Honorable Mentions

“The Clockwork Trollop” by Debra Doyle and James D. MacDonald
“Ill-Met at Midnight” by David Tallerman

Our Hugo/Nebula Eligible Work 2012

written by David Steffen

The SF award nomination season is here. The Nebulas (the writer-voted award) have been open for a while and close in February. The Hugos (the fan-voted award) opened on January first. Both sets cover works published in the 2012 calendar year. About this time of year, every writer and their dog posts a list of their eligible works.

I won’t tell you to nominate these works. I haven’t heard of anyone nominating us in the past and I don’t expect that to change. Of course it’s all of phenomenal quality, because we wrote it and stuff. 🙂

And don’t worry, I’ll write up a separate post in the near future to make recommendations of what I’d like to see win the awards. I figured it would make sense to separate them so that I wouldn’t have to try to objectively compare my own work to theirs. In THAT post I’ll also ask for nomination suggestions from people, but we’ll keep those out of this post.

 

Best Short Story (Nebula and Hugo)

Marley and Cratchit by David Steffen at Escape Pod (free)

This Is Your Problem, Right Here at Daily Science Fiction (free)

Constant Companion at Drabblecast (free)

Door in the Darkness at Stupefying Stories

Never Idle at Specutopia

Mysterious Ways at Uncle John’s Flush Fiction Anthology

 

Best Dramatic Presentation (Short Form)

Marley and Cratchit at Escape Pod, read by Emma Newman

Constant Companion at Drabblecast

The Quest Unusual at Cast of Wonders

Turning Back the Clock at Beam Me Up

 

Best Fanzine Hugo

Diabolical Plots by David Steffen, Anthony W. Sullivan, Frank Dutkiewicz

 

Best Fan Writer Hugo (follow links for examples)

David Steffen

Especially notable are the “Best of” podcast lists.

Frank Dutkiewicz

Especially notable are the “Daily Science Fiction” reviews; we’re the only ones who regularly review them.

Carl Slaughter

Quite a few notable interviews.

 

Best Fan Artist Hugo

Anthony W. Sullivan, for Canny Valley comics

 

Best Related Work Hugo

The Priceless Value of that Story You Hate by David Steffen

 

Go! Nominate!

Daily Science Fiction: October 2011 Review

written by Frank Dutkiewicz

First review of the New Year! But what about last year? We have a list of our favorites, but before we tell you which ones we liked the best, let us tell you what we thought of these.

 

A sorcerer learns the hard way the lesson of ‘ends justifying the means’ in “Wider and Deeper” by Carma Lynn Park (debut 10/3). The sorcerer seeks the energy of the dark ones deep within the earth. He intends to feed of their power but reaching them is difficult. He manipulates creatures to tunnel, but doesn’t think of the consequences of letting loose his creations.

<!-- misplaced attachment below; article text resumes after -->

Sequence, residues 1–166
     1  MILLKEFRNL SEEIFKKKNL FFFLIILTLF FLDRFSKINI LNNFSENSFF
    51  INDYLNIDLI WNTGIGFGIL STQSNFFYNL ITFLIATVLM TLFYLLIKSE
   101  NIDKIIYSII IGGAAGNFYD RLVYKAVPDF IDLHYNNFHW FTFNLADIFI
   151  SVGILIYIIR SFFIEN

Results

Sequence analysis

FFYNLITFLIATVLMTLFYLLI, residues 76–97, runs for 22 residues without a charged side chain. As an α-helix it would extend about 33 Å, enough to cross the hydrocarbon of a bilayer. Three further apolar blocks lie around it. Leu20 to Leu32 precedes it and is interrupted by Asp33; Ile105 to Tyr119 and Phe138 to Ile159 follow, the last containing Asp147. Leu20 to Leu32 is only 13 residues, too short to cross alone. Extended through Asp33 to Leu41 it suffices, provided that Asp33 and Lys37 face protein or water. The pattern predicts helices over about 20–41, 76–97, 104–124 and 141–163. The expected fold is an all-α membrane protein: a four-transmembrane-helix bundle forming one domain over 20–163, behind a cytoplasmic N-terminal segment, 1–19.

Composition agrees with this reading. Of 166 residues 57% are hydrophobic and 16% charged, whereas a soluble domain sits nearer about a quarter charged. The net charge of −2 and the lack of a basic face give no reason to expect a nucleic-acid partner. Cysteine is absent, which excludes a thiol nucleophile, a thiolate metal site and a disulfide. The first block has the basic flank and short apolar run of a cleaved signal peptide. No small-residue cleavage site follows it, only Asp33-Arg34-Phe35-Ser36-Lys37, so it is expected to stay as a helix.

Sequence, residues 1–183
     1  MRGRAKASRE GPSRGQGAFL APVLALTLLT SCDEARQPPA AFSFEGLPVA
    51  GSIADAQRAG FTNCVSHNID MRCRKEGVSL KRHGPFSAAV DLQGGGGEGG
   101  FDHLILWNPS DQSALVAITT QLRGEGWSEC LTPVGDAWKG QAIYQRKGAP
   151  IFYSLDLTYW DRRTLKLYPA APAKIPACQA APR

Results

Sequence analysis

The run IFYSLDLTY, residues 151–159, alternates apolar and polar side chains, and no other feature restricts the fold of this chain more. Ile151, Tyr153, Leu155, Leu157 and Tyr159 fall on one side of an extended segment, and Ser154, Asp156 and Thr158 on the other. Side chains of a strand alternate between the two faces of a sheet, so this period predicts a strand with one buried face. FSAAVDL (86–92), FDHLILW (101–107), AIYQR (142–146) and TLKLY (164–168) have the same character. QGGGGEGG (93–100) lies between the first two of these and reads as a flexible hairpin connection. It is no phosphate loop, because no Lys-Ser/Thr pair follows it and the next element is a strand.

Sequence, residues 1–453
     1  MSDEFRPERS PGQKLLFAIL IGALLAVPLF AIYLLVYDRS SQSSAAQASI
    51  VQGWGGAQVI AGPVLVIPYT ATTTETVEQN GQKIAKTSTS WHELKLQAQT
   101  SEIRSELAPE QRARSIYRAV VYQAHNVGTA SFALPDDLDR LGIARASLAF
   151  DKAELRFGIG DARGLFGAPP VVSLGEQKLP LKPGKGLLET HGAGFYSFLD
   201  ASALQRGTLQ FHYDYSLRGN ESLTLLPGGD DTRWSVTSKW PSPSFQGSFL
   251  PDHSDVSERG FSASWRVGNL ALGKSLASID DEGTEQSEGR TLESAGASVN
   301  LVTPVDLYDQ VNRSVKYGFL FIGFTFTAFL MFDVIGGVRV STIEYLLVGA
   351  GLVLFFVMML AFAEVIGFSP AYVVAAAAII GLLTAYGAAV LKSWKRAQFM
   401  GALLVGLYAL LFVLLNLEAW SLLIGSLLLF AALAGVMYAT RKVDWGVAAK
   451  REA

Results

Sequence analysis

The story is told like a parable. The creatures are tools, and tools left alone can be instruments of destruction. I confess, I was not a fan of how this story was told or how it shaped up. I’m not sure if there was a moral in it. If so, I missed it.

 

A young girl reflects on her parents in “Where Sea and Sky Kiss” by Dan Campbell (debut 10/4). The protagonist of this tale is the child of widowed parents. The two were brought together by her birth, both losing spouses in tragic accidents. The closeness the two had for each other fades, the distance between them growing wider when they move to anew home. The young lady wishes for them to be close , and with the help of items stored away , hatches a plan for them to fall in love again.

I confess, the moral and deeper meaning of this piece was lost on me. A second reading did not help. Perhaps others will find the appeal of it, but I must say, it was not a tale for me.

 

Silence is the canvas of magic in “Canvas” by M. K. Hutchins (debut 10/5). The protagonist is part of a very talented family. They are capable of wonderful magic, but a deadly plague threatens to take them and all in the land. The protagonist cannot reach the silence to save his nephew. Desperate measures may be the only way out of these desperate times.

“Canvas” is set within a difficult to grasp premise for me. It is a solemn and distant tale told without clear parameters of what is possible.

 

The author contemplates “If Wishes Were Fishes” by Amanda M Hayes (debut 10/6), and brings a quite cute story to life. A goldfish at a Chinese restaurant swallows a coin tossed into its pool and takes on the wish that accompanies it.

“If Wishes” is a novel take on this common phrase. The reader follows the fish, now transformed into the coin, and sets about making the wish a reality. Well told for such a brief tale.

Recommended.

 

A man’s hopes and dreams rest on the outcome of a concert in “A Concert of Flowers” by Kate O’Connor (debut 10/7). William Reis is a planet surveyor when he encounters a species of flower that sings when it blooms. He envisions a potential moneymaker, but the risks are high. The music the flowers make is beautiful. If only he can get others to believe in him.

“A Concert of Flowers” is written in series of flashbacks. The story starts at the beginning of the concert, the moment William has been working toward. Each flashback is set as a potential setback for William, yet he perseveres, betting on himself and his idea.